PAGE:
Leonard Jenoff originally faced up to 30 years and Paul Daniels up to 50 years, but both will be eligible for parole in about seven years.

The two pleaded guilty to aggravated manslaughter for their role in the beating death of Carol Neulander, wife of New Jersey rabbi Fred Neulander. They admitted to police that Neulander paid them $18,000 for the killing, and they testified against the once-respected religious leader in his November murder trial.

Judge Linda Baxter gave Jenoff credit for coming forward about the Nov. 1, 1994, crime when he was not even a suspect. She also noted that his testimony was critical to Neulander's conviction for the murder.

"Without your cooperation, there is a considerably strong possibility that the most culpable co-defendant, Fred Neulander, might have been acquitted," said Baxter, who sentenced Neulander to 30 years to life in prison on Jan. 16.

"Let me be clear," she added, however. "You are, and you were, a very calculating murderer who killed Carol Neulander in a most brutal manner."

Jenoff, who like Daniels appeared handcuffed and shackled and wearing an orange prison uniform, expressed remorse before the sentence was issued.

"I realize what I have done. I denied Carol Neulander the right to have a full and fruitful life. I denied Carol Neulander the right to be a loving wife, loving mother, loving sister and sister-in-law ... I denied her the right to be a loving grandmother, which she would be today if not for me," Jenoff said.

Baxter interjected, "Two grandchildren."

During his sentencing, Daniels blamed his actions the night of the murder on a drug problem, which his lawyer, Craig Mitnick, said his client had suffered since age 10.

Paul Daniels  "I just want to say to the Neulander family that it wasn't me at the time. I was on drugs," Daniels mumbled. "I was messed up. I didn't mean to hurt their family in any way."

Mitnick asked the judge to take into account Daniels' severe, diagnosed mental and health problems. He also noted that Daniels, who attempted suicide three times since the killing, was sexually abused as a child by his father.

Daniels, now 28, was also sentenced to 20 years for robbery at the crime scene, but, bowing to a wish by the victim's siblings that Daniels get no more prison time than Jenoff, the judge ordered Daniels' sentences to run concurrently.

'Why? Why? Why?'

Most people following the sensational case knew Jenoff, now 54, only as Neulander's investigator for more than six years after the killing. He even spoke to the media on Neulander's behalf, including Nancy Philips, a Philadelphia Inquirer writer investigating the murder.

When Jenoff finally told Phillips that he knew a lot more about the murder than he had previously let on, Philips convinced him about a month before Neulander's scheduled trial in May 2000 to meet with prosecutors and police in a Cherry Hill diner. Three days later, Jenoff gave police a full statement implicating himself and Daniels.

During the trial, both Jenoff and Daniels described the killing of Carol Neulander in graphic details. It occurred on a Tuesday night, the only night of the week that Carol Neulander would be alone, Fred Neulander told Jenoff, according to testimony.

Pretending to have a delivery for the rabbi, Jenoff gained access to the house. When Carol Neulander's back was turned, he hit her on the head with a short length of lead pipe. Carol Neulander asked, "Why? Why? Why?" as she lay on the ground, according to Jenoff. He then summoned Daniels, who waited outside, to finish it.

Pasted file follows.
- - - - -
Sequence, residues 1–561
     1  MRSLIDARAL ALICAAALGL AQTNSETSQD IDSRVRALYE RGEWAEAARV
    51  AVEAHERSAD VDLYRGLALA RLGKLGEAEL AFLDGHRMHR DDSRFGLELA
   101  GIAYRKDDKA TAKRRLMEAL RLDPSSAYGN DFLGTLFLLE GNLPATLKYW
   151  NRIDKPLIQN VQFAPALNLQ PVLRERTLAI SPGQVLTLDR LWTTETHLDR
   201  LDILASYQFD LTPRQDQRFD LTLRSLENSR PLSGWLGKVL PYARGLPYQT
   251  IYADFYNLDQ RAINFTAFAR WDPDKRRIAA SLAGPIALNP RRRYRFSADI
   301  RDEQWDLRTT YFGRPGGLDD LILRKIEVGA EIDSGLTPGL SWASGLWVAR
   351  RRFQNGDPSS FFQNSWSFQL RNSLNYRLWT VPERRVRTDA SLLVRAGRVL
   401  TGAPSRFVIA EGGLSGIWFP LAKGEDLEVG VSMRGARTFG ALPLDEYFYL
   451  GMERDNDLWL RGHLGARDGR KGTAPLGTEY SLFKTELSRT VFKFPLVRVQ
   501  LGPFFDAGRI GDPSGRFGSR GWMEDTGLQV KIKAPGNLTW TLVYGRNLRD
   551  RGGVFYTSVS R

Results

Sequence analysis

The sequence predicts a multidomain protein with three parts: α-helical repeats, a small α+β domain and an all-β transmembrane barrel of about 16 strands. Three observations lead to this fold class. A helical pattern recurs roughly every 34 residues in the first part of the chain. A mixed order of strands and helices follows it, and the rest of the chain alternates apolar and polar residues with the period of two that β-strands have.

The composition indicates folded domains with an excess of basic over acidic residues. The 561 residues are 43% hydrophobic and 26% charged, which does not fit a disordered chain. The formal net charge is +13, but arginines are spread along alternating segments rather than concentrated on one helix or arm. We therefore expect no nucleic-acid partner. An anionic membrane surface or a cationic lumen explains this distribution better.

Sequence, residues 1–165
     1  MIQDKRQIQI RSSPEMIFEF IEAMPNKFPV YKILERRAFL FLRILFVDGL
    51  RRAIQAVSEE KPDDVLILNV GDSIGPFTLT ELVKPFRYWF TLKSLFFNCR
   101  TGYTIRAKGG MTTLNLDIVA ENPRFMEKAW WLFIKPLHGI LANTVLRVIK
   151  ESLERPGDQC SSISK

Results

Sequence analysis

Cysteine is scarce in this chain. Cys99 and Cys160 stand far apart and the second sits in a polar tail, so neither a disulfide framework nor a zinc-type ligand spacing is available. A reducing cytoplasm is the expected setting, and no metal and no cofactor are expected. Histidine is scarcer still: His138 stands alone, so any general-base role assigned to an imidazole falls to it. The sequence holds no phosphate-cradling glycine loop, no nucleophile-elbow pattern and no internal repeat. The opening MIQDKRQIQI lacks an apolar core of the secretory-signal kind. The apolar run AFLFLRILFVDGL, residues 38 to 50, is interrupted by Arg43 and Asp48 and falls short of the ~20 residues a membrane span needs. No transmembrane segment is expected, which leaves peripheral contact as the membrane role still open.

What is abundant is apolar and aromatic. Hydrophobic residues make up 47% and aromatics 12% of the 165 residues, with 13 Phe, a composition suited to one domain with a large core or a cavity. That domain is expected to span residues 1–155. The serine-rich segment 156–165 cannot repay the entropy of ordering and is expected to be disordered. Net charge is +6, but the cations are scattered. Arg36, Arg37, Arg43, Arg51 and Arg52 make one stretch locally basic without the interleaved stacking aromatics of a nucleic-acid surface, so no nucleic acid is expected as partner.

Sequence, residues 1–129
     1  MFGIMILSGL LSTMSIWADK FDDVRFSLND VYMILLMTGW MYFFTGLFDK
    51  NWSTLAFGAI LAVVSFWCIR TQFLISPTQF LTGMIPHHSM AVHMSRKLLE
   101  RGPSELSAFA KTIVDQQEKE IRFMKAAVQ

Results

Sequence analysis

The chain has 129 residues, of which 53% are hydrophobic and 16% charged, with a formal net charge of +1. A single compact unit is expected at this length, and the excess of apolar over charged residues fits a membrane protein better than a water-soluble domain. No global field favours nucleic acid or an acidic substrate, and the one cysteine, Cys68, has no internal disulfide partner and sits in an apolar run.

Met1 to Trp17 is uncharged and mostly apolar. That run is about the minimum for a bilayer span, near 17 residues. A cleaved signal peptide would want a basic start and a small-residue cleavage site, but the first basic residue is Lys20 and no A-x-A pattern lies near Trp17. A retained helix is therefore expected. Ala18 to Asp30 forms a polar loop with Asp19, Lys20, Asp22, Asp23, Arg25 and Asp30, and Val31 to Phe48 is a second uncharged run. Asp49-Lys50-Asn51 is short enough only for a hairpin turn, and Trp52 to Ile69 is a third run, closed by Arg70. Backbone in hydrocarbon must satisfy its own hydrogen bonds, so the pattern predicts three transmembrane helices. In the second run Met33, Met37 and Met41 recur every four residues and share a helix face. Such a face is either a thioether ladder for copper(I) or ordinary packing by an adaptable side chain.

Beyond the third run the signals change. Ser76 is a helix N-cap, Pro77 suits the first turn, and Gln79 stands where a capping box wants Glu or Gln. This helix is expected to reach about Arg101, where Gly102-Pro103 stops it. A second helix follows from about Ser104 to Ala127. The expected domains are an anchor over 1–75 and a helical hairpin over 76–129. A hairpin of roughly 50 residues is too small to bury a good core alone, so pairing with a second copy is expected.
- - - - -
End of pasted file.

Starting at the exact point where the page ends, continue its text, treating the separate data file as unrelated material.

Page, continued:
Fred Neulander told police the night of the killing that he returned home from Temple M'Kor Shalom at about 9:40 p.m. to find his wife of almost 29 years lying in a pool of her own blood. Police became suspicious when he explained that there was not a speck of blood on his suit or body because he was so "repulsed" by the sight that he did not try to render aid.

He also denied any marital strife and insisted that he was faithful to Carol Neulander. Both were lies. His son, North Carolina physician Matthew Neulander, testified that his parents had a terrible fight two nights before the killing and Fred Neulander told her in the son's presence, "It's over."

Police learned soon after the murder that Fred Neulander was having an affair with Elaine Soncini, then a Philadelphia radio personality. She testified that she never gave Neulander any ultimatums but indicated she was "moving on" with her life on Jan. 1, 1995. Neulander promised his mistress that they would be a couple by her birthday in December 1994.

Neulander was indicted for murder in 1998 and the case, entirely circumstantial and weak in the view of many at the time, was headed for trial when Jenoff appeared with his story. A November 2001 trial ended in a hung jury and mistrial. The defense failed to convince the jury that Jenoff, a self-aggrandizing liar, falsely implicated Neulander for vengeful, personal motives and gain.

Jurors failed to agree unanimously on a death sentence for Neulander. Jenoff and Daniels both escaped a potential death sentence for their murder-for-hire by pleading guilty and agreeing to testify against Neulander.

At the sentencing Thursday, the victim's brother, Edward Lidz, told the court that, although he appreciated Jenoff's testimony, he felt that both men already got a break when they were allowed to plead guilty to something less than murder.

"No one forced them to enter Carol's home and take her life," Lidz said. "They did it to get the money... Simply put, they accepted a price for a human life set by Fred [Neulander]."

The Neulanders' three adult children did not attend the sentencings, but a victims' advocate read a letter signed by all three — Matthew and Benjamin Neulander and Rebecca Neulander-Rockoff — in which they called the two men "monsters."

"These men are not star witnesses ... These men are cold-blooded murderers," the letter said.



home last updates contact